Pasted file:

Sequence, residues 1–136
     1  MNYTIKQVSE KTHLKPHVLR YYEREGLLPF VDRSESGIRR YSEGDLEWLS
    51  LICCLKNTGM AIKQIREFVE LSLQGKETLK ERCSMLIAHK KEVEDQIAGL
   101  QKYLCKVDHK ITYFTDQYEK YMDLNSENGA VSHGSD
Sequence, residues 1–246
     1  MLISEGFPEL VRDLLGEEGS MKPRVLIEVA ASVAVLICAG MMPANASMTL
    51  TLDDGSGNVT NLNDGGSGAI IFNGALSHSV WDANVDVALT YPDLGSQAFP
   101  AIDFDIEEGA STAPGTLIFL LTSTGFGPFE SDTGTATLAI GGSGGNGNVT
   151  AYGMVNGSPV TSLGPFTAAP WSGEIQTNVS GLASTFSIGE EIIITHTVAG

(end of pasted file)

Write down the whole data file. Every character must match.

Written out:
Sequence, residues 1–136
     1  MNYTIKQVSE KTHLKPHVLR YYEREGLLPF VDRSESGIRR YSEGDLEWLS
    51  LICCLKNTGM AIKQIREFVE LSLQGKETLK ERCSMLIAHK KEVEDQIAGL
   101  QKYLCKVDHK ITYFTDQYEK YMDLNSENGA VSHGSD
Sequence, residues 1–246
     1  MLISEGFPEL VRDLLGEEGS MKPRVLIEVA ASVAVLICAG MMPANASMTL
    51  TLDDGSGNVT NLNDGGSGAI IFNGALSHSV WDANVDVALT YPDLGSQAFP
   101  AIDFDIEEGA STAPGTLIFL LTSTGFGPFE SDTGTATLAI GGSGGNGNVT
   151  AYGMVNGSPV TSLGPFTAAP WSGEIQTNVS GLASTFSIGE EIIITHTVAG